Teaching the Old DM Dog a New Online Trick

The online world tends to get caught up in online ad spend reporting. In the first half of this year, Internet ad revenues hit a record $7.9 billion, rising 37 percent over the same period a year ago, according to the Internet Advertising Bureau (IAB). I particularly get caught up in the lead-generation/referral piece of the pie: $250 million two years ago to $750 million last year, to $590 million for just the first six months of this year.

What gets lost among these numbers is that online lead generation should be considered in much the same mindset as offline direct marketing (DM). The fact leads are collected online is more a byproduct than anything else.

I just got back from the Direct Marketing Association (DMA) show in San Francisco. The “interactive pavilion” was in a different building than the “multichannel/traditional direct marketers.” Foot traffic was exponentially lower in the interactive section (I was irked because our booth was over there).

How do you differentiate between interactive and traditional? It’s obvious how online lead generation differs from a mail insert. But why is the company that may use online to generate a lead for BMG in a completely different section than the company that uses an insert to generate that same lead? Although the two companies use different methodologies, they achieve the same ends as far as BMG is concerned.

Both my company and with the Online Lead Generation Association (OLGA) like to group online lead generation with the traditional, $50 billion direct marketing world. Not only is that a much more attractive overall universe to target, but if there’s anything about online advertising a traditional direct marketer can understand, it’s lead generation.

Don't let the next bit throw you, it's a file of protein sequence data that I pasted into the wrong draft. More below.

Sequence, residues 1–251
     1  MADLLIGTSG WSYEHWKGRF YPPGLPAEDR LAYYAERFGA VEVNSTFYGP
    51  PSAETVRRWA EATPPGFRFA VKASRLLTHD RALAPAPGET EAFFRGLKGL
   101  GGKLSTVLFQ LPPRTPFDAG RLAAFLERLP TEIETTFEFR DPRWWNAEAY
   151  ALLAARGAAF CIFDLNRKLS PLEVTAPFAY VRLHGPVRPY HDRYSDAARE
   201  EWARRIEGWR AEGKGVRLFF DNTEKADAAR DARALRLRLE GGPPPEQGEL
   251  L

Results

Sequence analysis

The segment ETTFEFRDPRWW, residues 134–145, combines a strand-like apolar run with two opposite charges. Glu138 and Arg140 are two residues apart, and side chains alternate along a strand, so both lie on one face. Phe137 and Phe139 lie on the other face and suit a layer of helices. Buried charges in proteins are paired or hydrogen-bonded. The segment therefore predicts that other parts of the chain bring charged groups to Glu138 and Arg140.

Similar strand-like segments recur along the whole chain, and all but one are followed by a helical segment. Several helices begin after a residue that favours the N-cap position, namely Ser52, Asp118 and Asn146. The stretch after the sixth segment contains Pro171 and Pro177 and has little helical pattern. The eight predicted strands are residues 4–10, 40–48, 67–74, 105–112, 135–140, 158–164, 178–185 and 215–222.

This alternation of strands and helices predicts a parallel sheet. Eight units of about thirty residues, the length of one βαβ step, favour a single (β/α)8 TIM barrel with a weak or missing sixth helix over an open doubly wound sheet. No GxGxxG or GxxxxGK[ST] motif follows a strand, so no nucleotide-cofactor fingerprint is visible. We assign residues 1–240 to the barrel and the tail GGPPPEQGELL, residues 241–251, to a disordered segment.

Take a guy who owns five pizza shops. Give him $5,000 and tell him to go bid on search engine keywords and he’d look at you as if you had two heads. Tell him instead he’s going to get $5,000 worth of names, e-mail addresses, physical addresses, and phone numbers from real people who voluntarily signed up for more information about his pizza menu. Think he’d know what to do with that information? Maybe not the e-mail addresses or phone numbers, but he’d certainly know how to drop a coupon in the mail to each person. The owner of the used-car lot next door to the pizza joint would have no problem using those phone numbers.

A common misconception of online lead generation is that leads can only be utilized only for online marketing. Fortunately, some of the world’s biggest marketers have already figured out that leads generated online are quite effective for direct mail, telemarketing, data mining, and other direct-marketing initiatives, not to mention consumer research that can be conducted more quickly online than off-. One packaged-goods giant entices opt-in consumers to complete brief surveys. A major cruise ship line relays online leads to call centers, which in turn call cruise prospects.

The road to understanding the convergence of on- and offline marketing is widest when it comes to lead generation. The fact most online companies would be split into their own universe, literally placed on the fringes of the main exhibit hall, at a direct marketing show boggles the imagination. There’s still a long way to go in educating not only consumers and advertisers but also the powers that be.

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